Crispy Cantonese Roast Pork "Siu Yuhk" 燒肉 (directly translated as "roast meat") is an essential part of Chinese Canto bbq cuisine. I grew up visiting Chinatown in New York every weekend with my family. For Chinese school, for groceries. We would walk past bakeries and restaurants, and many of the restaurants would feature Chinese bbq or tanks of live seafood at their storefronts. Seeing a plump soy sauce chicken, crispy roast duck, or fatty roast pork hanging in the window is always the best advertising a restaurant can have. You tell the butcher what you want by the pound, he chops it up and gives it to you with some cups of soy sauce or ginger scallion oil. Call us barbaric, but sometimes we can't even wait to get home and we start eating the meat straight out of the box with our hands!
With the COVID19 quarantine in effect, we found ourselves craving all sorts of food that we normally get at restaurants, especially Cantonese style crispy roast pork.
I found a wonderful recipe on Pinterest from a blog called What to Cook Today and made some adjustments to the marinade to suit our tastes, but the method, time and temperature is the same. Definitely check out their food blog, there's lots of great recipes there! I can't wait to try other flavor profiles for this crispy pork recipe! You can enjoy this crispy pork with a bed of lettuce wraps, with bao buns, with rice, in sandwiches or tortillas, the list goes on!
The key to getting that crackly crispy AF skin is to make sure to pat the skin super dryyyyy before you oven it. You can honestly marinate the meat part with whatever flavor you want. We went with sweet hoisin and peppery flavors. The rest is in a salt crust that further draws out moisture to help achieve the crispy skin.
Don't worry about the salt crust making your pork too salty—once it is done baking, the loose salt forms a hard crust that comes off easily and you just have to brush off any excess before returning it to the oven to finish the roasting process.
Then it's a low broil for about 20 minutes and the pork skin begins to crackle, snap and pop!
Out comes a beautifully crackled crispy roast pork. It makes my mouth water just looking at the photos of it again. So. freaking. good. I know, I know, you've been scrolling for a while, recipe is down below!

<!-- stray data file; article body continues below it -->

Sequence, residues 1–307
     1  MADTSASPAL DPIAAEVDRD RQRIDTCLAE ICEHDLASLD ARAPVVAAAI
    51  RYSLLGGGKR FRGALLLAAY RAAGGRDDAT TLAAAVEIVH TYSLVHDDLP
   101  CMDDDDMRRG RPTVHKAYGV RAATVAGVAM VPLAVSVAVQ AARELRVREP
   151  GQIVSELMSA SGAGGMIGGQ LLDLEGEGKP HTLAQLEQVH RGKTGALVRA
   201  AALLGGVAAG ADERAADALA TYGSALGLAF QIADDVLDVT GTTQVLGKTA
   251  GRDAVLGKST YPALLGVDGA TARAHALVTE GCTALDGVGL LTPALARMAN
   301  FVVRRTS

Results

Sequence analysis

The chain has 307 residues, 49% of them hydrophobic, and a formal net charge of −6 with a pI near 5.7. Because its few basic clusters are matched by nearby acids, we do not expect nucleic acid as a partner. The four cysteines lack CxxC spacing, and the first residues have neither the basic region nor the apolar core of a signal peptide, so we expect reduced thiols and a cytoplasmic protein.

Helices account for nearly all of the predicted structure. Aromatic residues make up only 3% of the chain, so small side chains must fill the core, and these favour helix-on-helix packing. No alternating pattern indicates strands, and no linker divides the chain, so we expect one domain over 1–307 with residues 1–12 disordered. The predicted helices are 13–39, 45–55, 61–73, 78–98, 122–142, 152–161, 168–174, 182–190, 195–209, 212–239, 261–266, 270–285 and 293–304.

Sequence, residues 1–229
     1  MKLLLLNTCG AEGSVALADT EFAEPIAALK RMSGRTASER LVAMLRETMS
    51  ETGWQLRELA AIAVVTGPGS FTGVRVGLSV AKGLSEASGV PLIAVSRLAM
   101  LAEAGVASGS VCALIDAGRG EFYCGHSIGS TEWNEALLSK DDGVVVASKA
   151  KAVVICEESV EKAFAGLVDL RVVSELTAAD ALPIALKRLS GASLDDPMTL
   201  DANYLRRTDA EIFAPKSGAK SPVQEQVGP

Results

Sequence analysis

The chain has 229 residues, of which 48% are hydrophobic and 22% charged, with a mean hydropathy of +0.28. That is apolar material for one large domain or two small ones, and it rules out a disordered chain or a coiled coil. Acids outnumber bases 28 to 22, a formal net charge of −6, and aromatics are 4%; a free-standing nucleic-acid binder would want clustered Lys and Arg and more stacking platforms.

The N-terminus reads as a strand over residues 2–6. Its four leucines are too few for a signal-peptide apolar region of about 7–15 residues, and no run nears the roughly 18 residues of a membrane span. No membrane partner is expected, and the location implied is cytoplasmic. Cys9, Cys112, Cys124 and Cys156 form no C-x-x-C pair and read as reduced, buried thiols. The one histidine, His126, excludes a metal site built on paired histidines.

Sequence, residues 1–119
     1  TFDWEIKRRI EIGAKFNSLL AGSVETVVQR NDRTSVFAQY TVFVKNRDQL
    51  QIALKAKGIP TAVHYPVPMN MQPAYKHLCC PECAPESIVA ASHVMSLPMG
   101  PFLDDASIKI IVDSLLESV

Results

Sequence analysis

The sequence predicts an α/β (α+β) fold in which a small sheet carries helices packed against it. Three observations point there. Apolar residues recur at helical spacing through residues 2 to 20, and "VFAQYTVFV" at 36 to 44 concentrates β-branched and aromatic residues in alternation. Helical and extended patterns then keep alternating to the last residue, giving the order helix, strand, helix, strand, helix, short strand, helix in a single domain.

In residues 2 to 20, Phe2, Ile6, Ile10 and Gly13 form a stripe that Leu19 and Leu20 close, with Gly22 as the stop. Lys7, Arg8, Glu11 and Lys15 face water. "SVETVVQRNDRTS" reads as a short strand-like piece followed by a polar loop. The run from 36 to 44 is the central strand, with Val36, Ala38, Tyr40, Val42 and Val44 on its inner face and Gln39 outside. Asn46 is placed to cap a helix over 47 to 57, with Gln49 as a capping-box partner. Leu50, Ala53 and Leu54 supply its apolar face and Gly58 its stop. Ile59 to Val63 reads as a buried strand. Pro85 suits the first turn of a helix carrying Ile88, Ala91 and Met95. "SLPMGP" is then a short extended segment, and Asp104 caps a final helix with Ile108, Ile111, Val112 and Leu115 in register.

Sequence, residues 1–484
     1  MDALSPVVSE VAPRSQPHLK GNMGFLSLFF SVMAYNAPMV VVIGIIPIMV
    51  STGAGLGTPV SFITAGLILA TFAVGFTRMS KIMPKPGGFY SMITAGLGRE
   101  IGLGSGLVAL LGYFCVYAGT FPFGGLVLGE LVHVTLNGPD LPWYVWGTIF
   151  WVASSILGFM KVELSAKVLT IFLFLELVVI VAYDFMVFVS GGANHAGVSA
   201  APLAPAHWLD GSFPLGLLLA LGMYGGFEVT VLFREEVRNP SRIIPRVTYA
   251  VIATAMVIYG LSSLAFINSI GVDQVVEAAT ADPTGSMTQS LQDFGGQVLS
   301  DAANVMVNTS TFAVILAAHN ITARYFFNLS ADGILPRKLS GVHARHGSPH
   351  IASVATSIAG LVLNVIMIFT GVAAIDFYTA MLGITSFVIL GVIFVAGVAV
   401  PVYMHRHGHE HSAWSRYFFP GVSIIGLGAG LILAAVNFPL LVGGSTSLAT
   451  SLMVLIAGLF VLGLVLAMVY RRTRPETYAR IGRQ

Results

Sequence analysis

Just look at that deliciousness. Don't you wish you could pull it right off the screen to sink your teeth into?! Be sure not to cover the meat because the steam and heat will make the skin soft and no longer crispy, which will result in sadness.
I hope you enjoy this recipe! We had this with lettuce, an assortment of sauces like sweet thai chili, peanut sauce and hoisin sauce to dip, and a side of pickled cucumbers for a nice refreshing crunch. Until next time!
I'm so excited to share my Dan Dan Noodle recipe with you today! This particular recipe features my handmade noodles recipe, but you can always use a dried or fresh noodle from the Asian market. Dan Dan noodles is a soupless, spicy, tangy Sichuan noodle dish with a nut-based sauce, usually either peanut or sesame. It is a popular street food, and is enjoyed with ground pork and veggies.
You can easily substitute the meat with a protein of your choosing too. For my recipe, I use ground pork mixed with sweet preserved Chinese radish, Chinese broccoli and some Korean kimchi. The radish is optional, but the sweetness, slight tang and crispness of the preserved radishes add a great variety of texture to the dish and complements the pork nicely. I absolutely love this sauce--the nuttiness of the peanut and sesame paste mixed with savory soy sauce, the slight acidity from black vinegar and the a heat kick from the chili flakes, chili oil and my favorite, the prickly ash oil--all mixed together, coats the noodles in a blanket of exciting flavors that dance in your mouth. Prickly ash oil is made from hua jiao pepper, a Sichuan peppercorn that mala Chinese dishes attribute their "numbing" qualities from.